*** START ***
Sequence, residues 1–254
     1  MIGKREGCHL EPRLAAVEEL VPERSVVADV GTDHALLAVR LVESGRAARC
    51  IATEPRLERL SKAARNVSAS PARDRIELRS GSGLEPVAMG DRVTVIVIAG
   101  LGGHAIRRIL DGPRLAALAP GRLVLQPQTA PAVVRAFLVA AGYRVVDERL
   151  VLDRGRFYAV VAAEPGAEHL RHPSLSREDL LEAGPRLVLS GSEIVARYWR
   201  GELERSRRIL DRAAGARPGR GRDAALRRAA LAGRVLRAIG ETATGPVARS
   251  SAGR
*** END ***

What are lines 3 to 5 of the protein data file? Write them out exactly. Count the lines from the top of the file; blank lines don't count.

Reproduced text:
    51  IATEPRLERL SKAARNVSAS PARDRIELRS GSGLEPVAMG DRVTVIVIAG
   101  LGGHAIRRIL DGPRLAALAP GRLVLQPQTA PAVVRAFLVA AGYRVVDERL
   151  VLDRGRFYAV VAAEPGAEHL RHPSLSREDL LEAGPRLVLS GSEIVARYWR